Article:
Thatch is an accumulation of organic matter within your lawn. It is made up of dead roots and shoots that fail to decompose quickly enough. The roots of the grass will begin to grow in to it, rather than in to the soil, which will have an affect on your lawns condition. Thatch is generally caused by poor lawn care practices, over feeding and poor aeration being just two. When thatch becomes too thick it will cause problems within your lawn.
Thatch is produced when the production of shoots is greater than their decomposition. Thatch is naturally degraded by micro organisms within the soil and certain things can inhibit the micro organism population and so an excessive accumulation of thatch.
Over Feeding: In the correct proportion then nutrients are good for your lawn but too much nitrogen will cause excessive growth which will take longer to decompose.
Over Watering: Micro organisms rely on oxygen. Too much water will mean less oxygen within the soil and micro organisms will not be able to thrive.
Soil Type: Soils high in loam content will have a higher micro organism population than sandy soils so you will generally see higher thatch levels in sandy soils.
Soil pH: Acidic soils, low pH, will have a negative affect on micro organisms.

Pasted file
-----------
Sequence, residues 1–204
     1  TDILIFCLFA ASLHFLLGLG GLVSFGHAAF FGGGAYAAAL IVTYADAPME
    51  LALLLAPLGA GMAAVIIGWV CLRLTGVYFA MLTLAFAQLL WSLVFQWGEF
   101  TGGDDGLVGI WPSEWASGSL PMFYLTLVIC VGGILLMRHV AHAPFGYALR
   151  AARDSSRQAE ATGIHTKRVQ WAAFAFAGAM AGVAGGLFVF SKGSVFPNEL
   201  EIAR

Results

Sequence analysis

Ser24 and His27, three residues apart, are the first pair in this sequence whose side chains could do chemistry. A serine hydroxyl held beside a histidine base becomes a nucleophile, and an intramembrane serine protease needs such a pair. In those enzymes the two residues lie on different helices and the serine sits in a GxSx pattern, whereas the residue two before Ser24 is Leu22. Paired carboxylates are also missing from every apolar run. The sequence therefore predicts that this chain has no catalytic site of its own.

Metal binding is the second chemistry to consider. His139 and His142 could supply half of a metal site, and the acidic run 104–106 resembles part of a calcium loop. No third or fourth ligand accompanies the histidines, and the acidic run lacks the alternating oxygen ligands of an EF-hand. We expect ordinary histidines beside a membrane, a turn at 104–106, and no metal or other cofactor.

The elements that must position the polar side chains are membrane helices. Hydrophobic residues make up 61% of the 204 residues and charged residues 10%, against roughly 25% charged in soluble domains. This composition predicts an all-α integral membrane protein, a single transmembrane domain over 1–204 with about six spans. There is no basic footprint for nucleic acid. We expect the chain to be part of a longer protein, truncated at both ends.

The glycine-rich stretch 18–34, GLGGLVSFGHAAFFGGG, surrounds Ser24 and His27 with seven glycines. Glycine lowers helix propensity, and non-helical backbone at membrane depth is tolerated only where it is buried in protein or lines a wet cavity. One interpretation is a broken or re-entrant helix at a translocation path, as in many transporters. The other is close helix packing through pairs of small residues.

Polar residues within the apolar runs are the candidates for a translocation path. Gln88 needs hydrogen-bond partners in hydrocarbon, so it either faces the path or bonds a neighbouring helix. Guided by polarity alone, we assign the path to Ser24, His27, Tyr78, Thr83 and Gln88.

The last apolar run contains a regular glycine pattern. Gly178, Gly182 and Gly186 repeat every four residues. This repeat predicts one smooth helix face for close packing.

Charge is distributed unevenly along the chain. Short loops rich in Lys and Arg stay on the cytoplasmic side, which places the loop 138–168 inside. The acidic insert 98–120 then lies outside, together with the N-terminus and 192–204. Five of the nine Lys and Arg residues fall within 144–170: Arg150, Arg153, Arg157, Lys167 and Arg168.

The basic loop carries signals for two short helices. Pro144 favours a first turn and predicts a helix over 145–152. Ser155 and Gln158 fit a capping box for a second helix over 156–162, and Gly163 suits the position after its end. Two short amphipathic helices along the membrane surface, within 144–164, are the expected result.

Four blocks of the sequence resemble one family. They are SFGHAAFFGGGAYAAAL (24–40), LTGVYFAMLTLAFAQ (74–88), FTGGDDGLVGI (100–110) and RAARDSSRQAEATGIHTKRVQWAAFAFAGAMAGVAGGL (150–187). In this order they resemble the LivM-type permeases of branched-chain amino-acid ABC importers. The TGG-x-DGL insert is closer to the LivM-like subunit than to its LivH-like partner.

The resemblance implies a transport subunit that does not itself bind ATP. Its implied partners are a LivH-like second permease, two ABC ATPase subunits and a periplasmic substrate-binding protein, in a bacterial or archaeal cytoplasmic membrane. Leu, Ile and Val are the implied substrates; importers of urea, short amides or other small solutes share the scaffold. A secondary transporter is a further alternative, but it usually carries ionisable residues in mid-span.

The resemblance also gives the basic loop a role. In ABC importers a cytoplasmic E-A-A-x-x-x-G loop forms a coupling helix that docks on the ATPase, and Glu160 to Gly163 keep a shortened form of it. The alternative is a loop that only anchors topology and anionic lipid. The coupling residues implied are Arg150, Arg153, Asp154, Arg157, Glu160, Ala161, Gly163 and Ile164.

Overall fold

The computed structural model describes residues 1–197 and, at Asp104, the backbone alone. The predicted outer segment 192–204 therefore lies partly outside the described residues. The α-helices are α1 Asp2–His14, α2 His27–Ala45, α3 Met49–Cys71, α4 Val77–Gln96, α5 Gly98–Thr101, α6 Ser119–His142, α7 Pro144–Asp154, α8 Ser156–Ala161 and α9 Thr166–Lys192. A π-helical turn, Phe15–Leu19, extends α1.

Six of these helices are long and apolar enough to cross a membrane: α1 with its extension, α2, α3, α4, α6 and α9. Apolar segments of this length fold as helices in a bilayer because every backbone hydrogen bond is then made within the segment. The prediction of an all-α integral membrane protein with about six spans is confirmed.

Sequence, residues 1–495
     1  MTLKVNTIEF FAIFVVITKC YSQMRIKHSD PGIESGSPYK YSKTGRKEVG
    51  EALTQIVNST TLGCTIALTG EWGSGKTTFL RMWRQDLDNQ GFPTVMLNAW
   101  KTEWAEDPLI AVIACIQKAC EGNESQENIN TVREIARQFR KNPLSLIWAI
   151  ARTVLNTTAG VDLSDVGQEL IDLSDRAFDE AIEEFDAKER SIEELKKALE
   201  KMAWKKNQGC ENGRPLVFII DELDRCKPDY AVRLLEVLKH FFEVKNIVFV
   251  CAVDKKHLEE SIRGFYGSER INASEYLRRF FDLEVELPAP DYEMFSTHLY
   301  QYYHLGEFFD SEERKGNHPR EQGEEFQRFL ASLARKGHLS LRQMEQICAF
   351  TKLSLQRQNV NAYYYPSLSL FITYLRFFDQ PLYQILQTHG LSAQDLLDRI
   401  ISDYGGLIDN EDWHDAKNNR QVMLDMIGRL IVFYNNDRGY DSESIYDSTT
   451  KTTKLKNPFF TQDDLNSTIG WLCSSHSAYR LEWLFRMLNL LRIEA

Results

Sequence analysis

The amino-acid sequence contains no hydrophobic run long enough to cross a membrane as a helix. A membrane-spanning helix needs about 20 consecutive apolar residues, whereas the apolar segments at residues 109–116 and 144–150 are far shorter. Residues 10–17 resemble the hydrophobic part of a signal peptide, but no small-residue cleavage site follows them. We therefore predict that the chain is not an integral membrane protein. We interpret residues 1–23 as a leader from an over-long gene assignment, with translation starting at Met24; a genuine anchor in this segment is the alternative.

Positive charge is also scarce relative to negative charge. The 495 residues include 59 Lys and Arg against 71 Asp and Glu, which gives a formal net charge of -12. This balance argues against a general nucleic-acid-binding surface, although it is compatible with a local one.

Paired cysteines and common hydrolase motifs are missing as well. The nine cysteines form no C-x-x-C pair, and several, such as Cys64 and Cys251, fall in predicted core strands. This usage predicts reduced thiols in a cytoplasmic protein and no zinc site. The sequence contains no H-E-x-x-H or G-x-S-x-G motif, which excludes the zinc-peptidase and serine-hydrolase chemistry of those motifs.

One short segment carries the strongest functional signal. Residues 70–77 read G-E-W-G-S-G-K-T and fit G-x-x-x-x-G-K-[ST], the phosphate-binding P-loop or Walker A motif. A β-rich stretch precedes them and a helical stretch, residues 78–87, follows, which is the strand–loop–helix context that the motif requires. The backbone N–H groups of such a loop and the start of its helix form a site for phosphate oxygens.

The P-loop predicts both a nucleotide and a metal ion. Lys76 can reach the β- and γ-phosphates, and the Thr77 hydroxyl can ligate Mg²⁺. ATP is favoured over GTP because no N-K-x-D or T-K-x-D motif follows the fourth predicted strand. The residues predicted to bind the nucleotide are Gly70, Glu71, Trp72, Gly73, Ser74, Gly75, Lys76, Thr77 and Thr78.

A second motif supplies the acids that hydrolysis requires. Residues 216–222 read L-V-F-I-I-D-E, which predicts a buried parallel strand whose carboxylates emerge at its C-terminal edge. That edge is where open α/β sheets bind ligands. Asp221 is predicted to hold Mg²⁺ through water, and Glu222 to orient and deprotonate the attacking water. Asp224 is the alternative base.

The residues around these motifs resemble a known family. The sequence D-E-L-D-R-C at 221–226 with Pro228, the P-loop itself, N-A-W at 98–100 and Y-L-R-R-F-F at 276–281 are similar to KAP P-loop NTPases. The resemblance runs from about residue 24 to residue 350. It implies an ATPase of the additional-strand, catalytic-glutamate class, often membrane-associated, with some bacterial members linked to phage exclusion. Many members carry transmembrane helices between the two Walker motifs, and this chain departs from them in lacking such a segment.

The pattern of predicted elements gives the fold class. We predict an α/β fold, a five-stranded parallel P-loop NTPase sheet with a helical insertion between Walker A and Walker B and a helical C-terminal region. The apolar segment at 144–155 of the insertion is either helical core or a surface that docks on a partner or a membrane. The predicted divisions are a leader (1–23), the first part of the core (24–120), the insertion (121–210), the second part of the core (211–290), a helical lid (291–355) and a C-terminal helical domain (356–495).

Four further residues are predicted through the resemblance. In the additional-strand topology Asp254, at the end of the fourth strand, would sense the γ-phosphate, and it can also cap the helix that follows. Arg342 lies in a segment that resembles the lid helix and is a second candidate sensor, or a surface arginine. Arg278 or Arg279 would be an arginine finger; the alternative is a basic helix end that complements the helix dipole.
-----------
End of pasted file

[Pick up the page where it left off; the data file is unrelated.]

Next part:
A little thatch within your lawn, below 1/2 inch, is quite acceptable. Once the thatch layer starts to get thicker than this then problems begin to arise. Thatch layers tend to hold water like a sponge preventing good drainage of water through to the soil. With water unable to penetrate to the soil you will find that the roots of the grass begin to grow in to the thatch layer. The thatch will dry out very quickly during hot spells and will be difficult to re wet. The grass will soon become stressed and turn brown and worst case scenario, dying.
Preventing and Removing Thatch
Thatch build up is gradual and doesn’t happen at once.
Aerating the lawn: One of the most effective ways of preventing thatch is by aerating the lawn. Aerating helps encourage a healthy population of micro organisms, which are essential in decomposing the organic matter and preventing thatch accumulation.
Scarification: Scarifying is the mechanical process of raking the lawn and so removing the thatch layer.
Fertiliser: Using the correct fertiliser with the correct quantities of nitrogen will prevent too much growth.
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